Summary in seconds
I have a buy investment rating for KB Financial Group Inc. (NYSE: KB) [105560:KS] Stock. I highlighted the “multiple tailwinds” for KB in my previous company stock article published May 2, 2022. I provide an update of my views on KB Financial in light of its recent Q2 2022 results with the current article.
I am encouraged by KB Financial’s above-expected earnings and strong NPL coverage ratio for the second quarter of 2022. KB’s second treasury cancellation for this year also gives investors confidence that the company will continue to return excess capital to its shareholders. KB Financial deserves a buy rating, as its valuations are now near historic lows comparable to where the stock traded during the 2008-2009 global financial crisis.
KB Financial Beat Q2 2022 Results
Net profit attributable to shareholders of KB Financial increased by +8.2% year-on-year from KRW 1.204 billion in the second quarter of 2021 to KRW 1.304 billion in the second quarter of 2022, as shown in its latest slides. presentation of quarterly results. KB’s second quarter net profit exceeded the consensus sell-side net profit projection of KRW 1.274 billion by +2% according to S&P Capital IQas its banking and non-banking businesses performed well in the last quarter.
The bank’s net interest margin or NIM increased from 1.56% in the second quarter of 2021 to 1.73% in the second quarter of 2022. KB Financial said on its second quarter earnings call that it “s ‘expects that in the second half of the year, we will have further improvement in the NIM’ of around ‘5 to 6 basis points (basis points)’. KB loans also increased by +1.2% year-to-date, from KRW 319 trillion as of December 31, 2021 to KRW 323 trillion as of June 30, 2022.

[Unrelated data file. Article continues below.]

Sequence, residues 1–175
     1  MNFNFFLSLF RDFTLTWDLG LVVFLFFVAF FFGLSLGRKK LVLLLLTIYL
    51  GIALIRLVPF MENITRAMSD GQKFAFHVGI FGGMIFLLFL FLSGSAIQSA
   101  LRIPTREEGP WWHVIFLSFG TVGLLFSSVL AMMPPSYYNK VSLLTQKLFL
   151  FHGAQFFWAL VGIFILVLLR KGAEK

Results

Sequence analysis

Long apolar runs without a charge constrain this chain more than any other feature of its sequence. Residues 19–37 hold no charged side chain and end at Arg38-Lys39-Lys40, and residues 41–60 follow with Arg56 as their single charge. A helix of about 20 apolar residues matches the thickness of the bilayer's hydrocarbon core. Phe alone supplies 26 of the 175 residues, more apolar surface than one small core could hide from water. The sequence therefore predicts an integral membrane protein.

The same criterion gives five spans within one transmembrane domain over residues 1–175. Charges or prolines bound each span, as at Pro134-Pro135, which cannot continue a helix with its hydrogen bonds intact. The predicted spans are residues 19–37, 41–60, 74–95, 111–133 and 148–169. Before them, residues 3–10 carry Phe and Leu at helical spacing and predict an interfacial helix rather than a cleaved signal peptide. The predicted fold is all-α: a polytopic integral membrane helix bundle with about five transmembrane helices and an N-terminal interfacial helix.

Elsewhere, KB Kookmin Card stood out among KB Financial’s non-banking business, with credit card business profit increasing by +14% year-on-year to KRW 127 billion in the second quarter of this year. KB Financial also sought opportunities to unlock value in the company’s non-banking subsidiaries; KB Insurance recorded a gain of KRW 169 billion related to the disposal of office buildings during the last quarter.
Cancellation of own shares
In its Q2 2022 financial results presentation, KB Financial disclosed that it is proceeding with its second KRW 150 billion treasury share cancellation for this year. This is an important decision for two main reasons.
First, there have been concerns in the past that financial regulators in South Korea won’t allow Korean banks to return more capital to shareholders in difficult times like these. However, the fact that KB Financial has just announced another cancellation of treasury shares supports the optimistic view that Korean banks in general are sufficiently capitalized and that regulators will not interfere to a large extent with their reimbursement decisions. of shareholders’ capital.